I have long been concerned to argue for value (and in particular symbolic value) of not for profit research-led or research-active creative organisations. John Howkins, a guru of ‘Creative Economy’ thinking, who had indirect influence on the new Labour Government‘s policies in this area from 1997, has recently shifted his focus to the term ‘Creative Ecology’ in which he outlines a more holistic approach to this area. In his book Creative Ecologies – Where Thinking is a Proper Job he argues that “attempts to use ecology to illuminate creativity has hardly begun, beyond using it as a fancy word for context”. In this essay I hope to build some layers onto this observation drawing on the work of Proboscis whose engagement with place, space and locality working with variable types of media provides the context for this text.
Proboscis describes itself as a non-profit artist-led studio “focused on creative innovation and research, socially engaged art practices and transdisciplinary, cross-sector collaboration”. Since its formation in 1994 it has made many ‘journeys through layers’ as is more fully described below. One consistent aspect has been that the work has engaged with numerous different agencies and communities, spanning and bridging private and public domain; always integral to their practice has been the development of publishing and storytelling initiatives using print and networked media processes with a primary concern for combination of image, word and text.
Proboscis was first formed by Giles Lane and Damian Jacques as a partnership to develop COIL journal of the moving image which ran through to issues 9 and 10 launched as a joint issue in December 2000. Alice Angus joined the partnership in 1999 and began leading some significant projects including the seminal Topologies initiative which was formative in terms of what was then known as collaborative arts practice and funded through the Collaborative Arts Unit at Arts Council England where I then worked, interfacing successfully and in a ground-breaking way between contemporary art practice and the Museums, Libraries and Archives services in the UK. The breadth of this project which ran between 1999 and 2000 added many layers to Proboscis and as is noted below, was shaped by an ideology and set of aspirations which were fully admirable and still unfolding now, in a considerably harsher climate in terms of arts and other public funding.
Irish poet Patrick Kavanagh rightly wrote that “naming the thing is the love-act and the pledge”. With the choice of their name the organisation certainly pledged itself to a high degree of engagement with environment and context.
As Wikipedia tells us the word Proboscis was:
First attested in English in 1609 from Latin proboscis, the latinisation of the Greek προβοσκίς (proboskis),  which comes from πρό (pro) “forth, forward, before”  + βόσκω (bosko), “to feed, to nourish”.   The correct Greek plural is proboscides, but in English it is more common to simply add -es, forming proboscises.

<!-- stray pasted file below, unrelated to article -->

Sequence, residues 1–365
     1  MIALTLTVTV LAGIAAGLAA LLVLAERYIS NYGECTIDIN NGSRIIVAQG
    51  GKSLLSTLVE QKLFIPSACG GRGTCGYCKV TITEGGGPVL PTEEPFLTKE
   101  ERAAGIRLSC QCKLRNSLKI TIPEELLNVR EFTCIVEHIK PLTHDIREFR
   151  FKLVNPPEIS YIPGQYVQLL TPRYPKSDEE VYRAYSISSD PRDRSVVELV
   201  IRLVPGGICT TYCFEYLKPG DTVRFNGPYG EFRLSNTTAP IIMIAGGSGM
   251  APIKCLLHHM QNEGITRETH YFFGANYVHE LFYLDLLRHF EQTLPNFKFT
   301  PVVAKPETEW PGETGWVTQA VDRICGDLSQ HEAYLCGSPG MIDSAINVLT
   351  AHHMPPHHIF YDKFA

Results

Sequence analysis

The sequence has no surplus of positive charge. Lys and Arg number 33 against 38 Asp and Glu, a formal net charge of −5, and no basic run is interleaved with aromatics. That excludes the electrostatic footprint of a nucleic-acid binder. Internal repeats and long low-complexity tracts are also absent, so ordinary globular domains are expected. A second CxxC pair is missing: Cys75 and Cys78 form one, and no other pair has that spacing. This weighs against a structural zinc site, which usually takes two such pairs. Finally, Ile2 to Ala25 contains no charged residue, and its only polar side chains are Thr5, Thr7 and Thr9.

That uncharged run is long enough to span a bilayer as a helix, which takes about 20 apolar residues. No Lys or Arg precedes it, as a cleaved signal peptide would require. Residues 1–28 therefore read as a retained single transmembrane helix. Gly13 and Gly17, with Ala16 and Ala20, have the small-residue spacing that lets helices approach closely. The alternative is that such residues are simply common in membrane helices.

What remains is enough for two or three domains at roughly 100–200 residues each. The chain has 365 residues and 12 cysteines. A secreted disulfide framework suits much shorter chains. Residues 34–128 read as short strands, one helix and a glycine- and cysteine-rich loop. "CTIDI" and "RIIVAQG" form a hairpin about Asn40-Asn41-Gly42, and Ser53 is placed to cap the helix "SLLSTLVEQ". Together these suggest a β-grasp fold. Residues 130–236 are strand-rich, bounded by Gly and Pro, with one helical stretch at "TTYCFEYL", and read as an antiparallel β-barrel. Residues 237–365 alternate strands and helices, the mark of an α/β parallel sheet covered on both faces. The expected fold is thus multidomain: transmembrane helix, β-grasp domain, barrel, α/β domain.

& ‘In general it is an elongated appendage from the head of an animal’ and ‘the most common usage is to refer to the tubular feeding and sucking organ of certain invertebrates such as insects (e.g., moths and butterflies) worms (including proboscis worms) and gastropod molluscs.
Seeing Proboscis and its life cycle as a kind of organism is curiously appealing. I am not sure if it is predominantly elephant or butterfly – or even mosquito… perhaps all these things. Or maybe it’s the Proboscis monkey, swinging from tree to tree in the wind.
On initial encounter with their work I had felt immediately the extensive and expansive qualities of the imaginative terrain over which Proboscis sought to roam not least because of the multi-partner/multi-agency nature of the Topologies proposal. Giles himself was making a fascinating bridge between research in academia with strong commercial connections (working as he was part-time developing a publishing imprint in Computer Related Design at the Royal College of Art at time when there was an ongoing research partnership with Paul Allen’s Interval Research) as well as growing Proboscis as an independent arts agency. In terms of how and where and why they proceed in certain directions extending their range of enquiry, engagement and investigation, their presence in various contexts seeming partly intentional, partly collaborative and always based on an underlying agenda that has critical intervention at its core.
It is at perhaps at edges of collision and collusion between public and private spheres, policies and desire, that what I wish to name the Proboscis effect has been most active.
In probing Proboscis over the past twelve months looking closely at their core ethos and expression in various permeations I have sought to do more than simply referencing the collaborations and partnerships with which they have been involved as this narrative is already substantially documented on their very useful website.